Representative Tim Ryan of Ohio, a Democrat, and J.D. Vance, a Republican, are headed on Monday into their final debate within the state’s marquee Senate race as they compete for the seat of Senator Rob Portman, who’s retiring.
The race, in a state that former President Donald J. Trump comfortably won twice, has remained more competitive than national observers initially expected as Mr. Ryan, a strong fund-raiser, casts himself as an independent voice. Still, he confronts an uphill climb, without much assistance up to now from national Democrats.
Throughout the competition, the 2 men have disagreed over the economy, China, ties to distinguished figures in each of their parties — Mr. Ryan has made clear he doesn’t want President Biden to run again — and real connections to Ohio. Of their first debate, they clashed over who could claim the title of working-class champion.
Mr. Vance, the creator of the book “Hillbilly Elegy,” once identified as a “Never Trump guy” but went on to the nomination with Mr. Trump’s endorsement. He grew up in Middletown, Ohio, and later worked as a enterprise capitalist in San Francisco. Mr. Ryan, who represents the Youngstown area in Congress, has repeatedly sought to brand him as out of touch.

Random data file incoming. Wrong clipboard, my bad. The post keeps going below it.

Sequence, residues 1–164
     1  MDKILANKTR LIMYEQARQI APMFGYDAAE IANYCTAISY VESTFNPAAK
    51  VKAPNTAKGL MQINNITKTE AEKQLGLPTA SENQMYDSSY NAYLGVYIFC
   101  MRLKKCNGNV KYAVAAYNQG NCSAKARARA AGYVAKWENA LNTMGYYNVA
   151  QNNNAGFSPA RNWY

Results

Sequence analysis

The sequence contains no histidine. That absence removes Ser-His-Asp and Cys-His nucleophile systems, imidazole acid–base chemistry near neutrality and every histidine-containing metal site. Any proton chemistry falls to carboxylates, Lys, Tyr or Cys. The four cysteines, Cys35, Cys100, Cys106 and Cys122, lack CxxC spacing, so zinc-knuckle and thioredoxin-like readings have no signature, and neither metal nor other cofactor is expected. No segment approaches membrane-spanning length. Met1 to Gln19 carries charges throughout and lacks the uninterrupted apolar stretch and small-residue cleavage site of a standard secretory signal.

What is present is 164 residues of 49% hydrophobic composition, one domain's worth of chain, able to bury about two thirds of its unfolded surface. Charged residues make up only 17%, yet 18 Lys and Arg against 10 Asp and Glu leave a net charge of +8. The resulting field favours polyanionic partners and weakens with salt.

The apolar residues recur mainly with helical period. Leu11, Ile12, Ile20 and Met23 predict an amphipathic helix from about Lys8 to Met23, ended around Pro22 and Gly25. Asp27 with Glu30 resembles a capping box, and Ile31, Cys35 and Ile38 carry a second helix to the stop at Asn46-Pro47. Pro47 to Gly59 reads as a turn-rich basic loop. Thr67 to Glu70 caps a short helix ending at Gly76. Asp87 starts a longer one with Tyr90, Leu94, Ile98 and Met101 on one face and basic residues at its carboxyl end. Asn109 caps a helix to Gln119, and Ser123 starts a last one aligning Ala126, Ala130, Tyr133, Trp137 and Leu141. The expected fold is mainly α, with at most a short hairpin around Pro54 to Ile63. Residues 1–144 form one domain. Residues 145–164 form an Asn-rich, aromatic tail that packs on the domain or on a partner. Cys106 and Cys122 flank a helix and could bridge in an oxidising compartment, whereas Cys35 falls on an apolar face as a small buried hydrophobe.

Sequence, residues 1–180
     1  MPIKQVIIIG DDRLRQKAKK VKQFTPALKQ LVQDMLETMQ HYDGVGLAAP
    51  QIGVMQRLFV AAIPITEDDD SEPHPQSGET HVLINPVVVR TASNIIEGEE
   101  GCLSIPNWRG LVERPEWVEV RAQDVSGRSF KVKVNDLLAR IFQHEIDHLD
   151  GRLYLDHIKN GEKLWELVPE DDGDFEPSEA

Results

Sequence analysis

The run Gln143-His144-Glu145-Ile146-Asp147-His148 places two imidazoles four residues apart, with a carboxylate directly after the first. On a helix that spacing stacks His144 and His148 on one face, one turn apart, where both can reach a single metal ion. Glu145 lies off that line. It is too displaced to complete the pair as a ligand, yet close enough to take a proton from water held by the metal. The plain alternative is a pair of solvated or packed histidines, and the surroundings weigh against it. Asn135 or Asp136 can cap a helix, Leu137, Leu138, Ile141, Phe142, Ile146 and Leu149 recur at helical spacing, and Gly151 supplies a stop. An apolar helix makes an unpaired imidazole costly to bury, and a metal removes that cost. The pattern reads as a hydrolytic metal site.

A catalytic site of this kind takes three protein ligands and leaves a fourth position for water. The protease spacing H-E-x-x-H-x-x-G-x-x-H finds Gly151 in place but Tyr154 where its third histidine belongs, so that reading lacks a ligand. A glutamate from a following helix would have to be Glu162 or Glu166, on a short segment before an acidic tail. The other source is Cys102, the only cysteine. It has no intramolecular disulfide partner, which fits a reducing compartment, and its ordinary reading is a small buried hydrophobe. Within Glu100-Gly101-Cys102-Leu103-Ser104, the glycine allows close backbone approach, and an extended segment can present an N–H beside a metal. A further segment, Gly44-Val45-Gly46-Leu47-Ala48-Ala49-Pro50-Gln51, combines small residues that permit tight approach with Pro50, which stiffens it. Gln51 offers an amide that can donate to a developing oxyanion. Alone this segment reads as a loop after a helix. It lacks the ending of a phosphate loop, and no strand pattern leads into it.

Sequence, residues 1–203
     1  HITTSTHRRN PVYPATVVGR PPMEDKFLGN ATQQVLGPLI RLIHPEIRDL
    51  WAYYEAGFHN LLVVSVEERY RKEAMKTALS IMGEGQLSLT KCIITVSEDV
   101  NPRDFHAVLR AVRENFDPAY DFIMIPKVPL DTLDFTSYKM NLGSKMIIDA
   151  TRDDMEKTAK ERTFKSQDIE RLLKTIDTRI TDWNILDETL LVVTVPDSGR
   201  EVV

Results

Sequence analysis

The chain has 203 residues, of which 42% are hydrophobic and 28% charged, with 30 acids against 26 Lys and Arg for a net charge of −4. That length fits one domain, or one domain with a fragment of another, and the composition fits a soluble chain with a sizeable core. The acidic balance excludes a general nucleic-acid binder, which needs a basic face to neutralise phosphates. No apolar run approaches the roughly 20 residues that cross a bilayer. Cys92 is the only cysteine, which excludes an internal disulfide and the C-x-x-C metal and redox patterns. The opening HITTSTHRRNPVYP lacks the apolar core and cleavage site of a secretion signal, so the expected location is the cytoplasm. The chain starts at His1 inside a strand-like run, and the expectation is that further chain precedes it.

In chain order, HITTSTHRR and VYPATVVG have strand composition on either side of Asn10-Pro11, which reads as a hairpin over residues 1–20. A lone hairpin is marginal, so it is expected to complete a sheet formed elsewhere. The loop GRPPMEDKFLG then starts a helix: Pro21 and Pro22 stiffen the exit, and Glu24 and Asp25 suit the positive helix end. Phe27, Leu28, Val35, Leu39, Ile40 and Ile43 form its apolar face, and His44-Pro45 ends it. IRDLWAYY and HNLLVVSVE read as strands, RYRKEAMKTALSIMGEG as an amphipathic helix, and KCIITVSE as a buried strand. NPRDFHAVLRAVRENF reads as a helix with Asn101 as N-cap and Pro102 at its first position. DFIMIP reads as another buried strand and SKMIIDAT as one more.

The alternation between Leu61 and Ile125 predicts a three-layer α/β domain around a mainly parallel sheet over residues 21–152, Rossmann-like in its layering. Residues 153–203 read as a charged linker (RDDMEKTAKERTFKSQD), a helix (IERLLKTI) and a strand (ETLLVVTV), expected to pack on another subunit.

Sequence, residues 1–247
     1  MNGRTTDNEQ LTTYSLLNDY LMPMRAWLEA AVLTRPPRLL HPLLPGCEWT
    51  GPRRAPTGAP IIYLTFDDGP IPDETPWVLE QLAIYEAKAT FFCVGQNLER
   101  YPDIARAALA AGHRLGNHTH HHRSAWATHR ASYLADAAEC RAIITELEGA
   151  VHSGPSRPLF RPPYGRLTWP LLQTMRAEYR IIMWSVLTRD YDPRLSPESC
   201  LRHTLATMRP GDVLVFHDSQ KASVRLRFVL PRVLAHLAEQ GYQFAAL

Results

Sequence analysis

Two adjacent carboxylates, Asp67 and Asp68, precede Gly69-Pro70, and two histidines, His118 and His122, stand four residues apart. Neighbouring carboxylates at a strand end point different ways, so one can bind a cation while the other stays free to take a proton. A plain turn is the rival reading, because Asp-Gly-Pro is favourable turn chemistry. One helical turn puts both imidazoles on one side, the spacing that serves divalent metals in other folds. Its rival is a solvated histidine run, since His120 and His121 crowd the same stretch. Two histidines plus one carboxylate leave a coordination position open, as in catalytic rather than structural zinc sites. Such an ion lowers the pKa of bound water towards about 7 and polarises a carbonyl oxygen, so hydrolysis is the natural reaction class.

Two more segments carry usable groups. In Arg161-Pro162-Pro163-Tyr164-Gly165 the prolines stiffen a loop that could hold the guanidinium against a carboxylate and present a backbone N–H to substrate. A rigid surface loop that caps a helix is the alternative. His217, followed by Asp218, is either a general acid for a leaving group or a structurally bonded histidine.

For his part, Mr. Vance is looking for to forged Mr. Ryan as a failed politician who didn’t deliver enough for his community.
Mr. Vance has come under scrutiny over a canceled fund-raiser hosted by an Ohio pain doctor named in a lawsuit against Purdue Pharma and others concerning opioid prescriptions within the state, which has been hit hard by the opioid crisis, Spectrum News reported, a problem more likely to come up on Monday. The doctor has not been accused of criminal wrongdoing, the report said. This month, The Recent York Times reported that Mr. Vance began a nonprofit group to tackle social problems, including opioids and joblessness, but that it fell apart inside two years.
An Associated Press report also found that Mr. Ryan had received $27,000 in donations since 2007 from drug distributors closely linked to the opioid crisis.
The controversy, hosted by 21 WFMJ, begins at 7 p.m. Eastern time. It’ll be livestreamed at WFMJ.com. Our reporters will offer live updates and evaluation.